The Senate Ethics Committee has evidence that Sen. Bob Packwood altered diaries that he was forced to surrender under court order, contradicting the lawmaker's assertion that the material was not changed, sources familiar with the Packwood investigation say.
On Wednesday, Packwood for the first time publicly denied that diaries turned over to the committee were changed - as the committee has charged.In an interview with The Associated Press, Packwood, R-Ore., asserted, "No altered diaries were ever given to the committee. The committee never received any altered materials."
The sources, speaking only on condition they not be named, said Packwood voluntarily provided unaltered versions of portions of his diaries to the committee, which was looking into allegations of sexual and official misconduct on Packwood's part.
But later, Packwood was forced by a federal judge to provide all diaries sought by the committee, and those diaries had evidence of alteration, the sources said.
The committee in May found "substantial credible evidence" that the senator altered the diaries when he learned the committee might subpoena them to seek evidence of improper conduct.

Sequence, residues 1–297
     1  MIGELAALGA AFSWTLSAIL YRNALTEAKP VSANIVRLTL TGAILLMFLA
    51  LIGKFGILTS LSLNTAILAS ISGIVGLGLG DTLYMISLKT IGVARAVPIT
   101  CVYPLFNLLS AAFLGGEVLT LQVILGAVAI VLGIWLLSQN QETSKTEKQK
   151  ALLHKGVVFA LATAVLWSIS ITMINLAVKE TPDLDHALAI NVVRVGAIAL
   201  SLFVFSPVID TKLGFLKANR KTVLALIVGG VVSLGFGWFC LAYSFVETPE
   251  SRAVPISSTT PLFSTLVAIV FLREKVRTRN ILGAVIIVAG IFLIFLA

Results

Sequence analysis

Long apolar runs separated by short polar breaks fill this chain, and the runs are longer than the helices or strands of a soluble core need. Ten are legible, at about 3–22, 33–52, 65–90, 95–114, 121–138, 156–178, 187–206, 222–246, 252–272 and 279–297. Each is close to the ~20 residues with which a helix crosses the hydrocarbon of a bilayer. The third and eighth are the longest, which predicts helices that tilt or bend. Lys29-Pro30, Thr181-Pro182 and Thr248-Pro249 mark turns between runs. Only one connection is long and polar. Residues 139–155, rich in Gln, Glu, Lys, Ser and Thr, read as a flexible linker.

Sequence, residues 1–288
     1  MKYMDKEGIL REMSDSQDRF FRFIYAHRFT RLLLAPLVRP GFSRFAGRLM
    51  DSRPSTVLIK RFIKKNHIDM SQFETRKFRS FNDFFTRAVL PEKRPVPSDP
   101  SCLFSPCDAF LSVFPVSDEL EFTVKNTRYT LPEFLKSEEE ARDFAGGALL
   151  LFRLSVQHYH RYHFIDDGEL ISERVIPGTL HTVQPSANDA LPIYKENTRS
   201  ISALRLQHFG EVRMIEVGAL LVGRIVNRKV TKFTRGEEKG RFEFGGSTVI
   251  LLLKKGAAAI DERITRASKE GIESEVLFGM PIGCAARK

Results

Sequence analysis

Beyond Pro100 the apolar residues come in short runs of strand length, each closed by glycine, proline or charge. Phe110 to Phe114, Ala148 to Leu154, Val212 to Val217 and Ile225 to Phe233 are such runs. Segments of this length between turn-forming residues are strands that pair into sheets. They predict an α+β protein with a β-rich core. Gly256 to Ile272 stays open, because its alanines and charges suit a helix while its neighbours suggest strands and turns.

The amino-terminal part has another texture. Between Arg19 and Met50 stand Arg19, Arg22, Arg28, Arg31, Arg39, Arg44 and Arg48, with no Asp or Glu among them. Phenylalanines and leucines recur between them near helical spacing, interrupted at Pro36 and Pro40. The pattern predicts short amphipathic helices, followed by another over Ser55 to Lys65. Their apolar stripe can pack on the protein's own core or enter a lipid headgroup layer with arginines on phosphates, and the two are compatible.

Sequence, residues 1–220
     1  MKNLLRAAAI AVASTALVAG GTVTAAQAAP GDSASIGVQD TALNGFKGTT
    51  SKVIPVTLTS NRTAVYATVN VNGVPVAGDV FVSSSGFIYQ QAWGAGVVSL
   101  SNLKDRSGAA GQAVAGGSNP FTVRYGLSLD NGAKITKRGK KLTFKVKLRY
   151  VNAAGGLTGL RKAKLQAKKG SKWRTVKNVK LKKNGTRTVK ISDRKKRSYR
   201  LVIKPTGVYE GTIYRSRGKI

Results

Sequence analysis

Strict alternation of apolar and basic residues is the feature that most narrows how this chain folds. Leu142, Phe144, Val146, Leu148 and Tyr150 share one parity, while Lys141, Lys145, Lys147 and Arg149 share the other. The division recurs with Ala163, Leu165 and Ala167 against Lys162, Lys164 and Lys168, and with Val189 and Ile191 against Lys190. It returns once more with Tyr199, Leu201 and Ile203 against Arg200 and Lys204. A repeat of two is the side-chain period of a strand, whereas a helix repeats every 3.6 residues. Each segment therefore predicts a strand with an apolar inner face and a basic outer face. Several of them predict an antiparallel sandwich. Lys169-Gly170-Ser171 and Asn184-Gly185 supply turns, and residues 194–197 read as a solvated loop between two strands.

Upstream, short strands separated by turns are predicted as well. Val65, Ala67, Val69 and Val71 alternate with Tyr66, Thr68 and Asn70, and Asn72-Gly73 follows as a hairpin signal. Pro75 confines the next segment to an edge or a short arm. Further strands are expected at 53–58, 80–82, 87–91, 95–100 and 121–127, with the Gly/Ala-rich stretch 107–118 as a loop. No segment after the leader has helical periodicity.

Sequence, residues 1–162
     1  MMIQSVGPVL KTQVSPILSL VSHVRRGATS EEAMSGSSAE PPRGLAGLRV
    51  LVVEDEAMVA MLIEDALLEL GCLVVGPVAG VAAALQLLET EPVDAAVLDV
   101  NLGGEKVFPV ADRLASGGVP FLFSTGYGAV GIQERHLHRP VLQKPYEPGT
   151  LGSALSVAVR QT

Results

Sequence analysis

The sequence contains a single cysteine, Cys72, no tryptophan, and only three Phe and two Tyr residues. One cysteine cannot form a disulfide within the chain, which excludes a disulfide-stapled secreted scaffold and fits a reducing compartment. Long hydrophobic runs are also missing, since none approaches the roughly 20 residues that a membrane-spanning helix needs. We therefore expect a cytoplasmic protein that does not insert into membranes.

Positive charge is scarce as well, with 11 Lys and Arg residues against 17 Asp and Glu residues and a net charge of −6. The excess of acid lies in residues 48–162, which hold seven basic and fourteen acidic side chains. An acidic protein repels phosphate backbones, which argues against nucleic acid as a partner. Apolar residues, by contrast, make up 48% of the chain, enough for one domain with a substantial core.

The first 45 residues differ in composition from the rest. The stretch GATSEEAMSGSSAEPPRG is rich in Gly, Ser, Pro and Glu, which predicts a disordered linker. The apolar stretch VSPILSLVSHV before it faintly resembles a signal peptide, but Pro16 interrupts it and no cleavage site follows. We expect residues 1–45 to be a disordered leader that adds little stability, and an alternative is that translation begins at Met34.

The committee issued the same finding for allegations that Packwood made unwanted sexual advances toward 17 women in 18 instances between 1969 and 1990 and that he sought jobs for his wife, while the couple was divorcing, from lobbyists and businessmen with interests in legislation.
While much of the case has focused on sexual misconduct, sources said some committee mem-ers believe the diary charge is crucial because - if proven - it would show that Packwood tried to obstruct a Senate investigation.
Further, under the committee rules, a committee finding of obstruction almost certainly would be referred to Justice Department criminal investigators.
Packwood had brought the diary issue to court, challenging a committee subpoena for the material.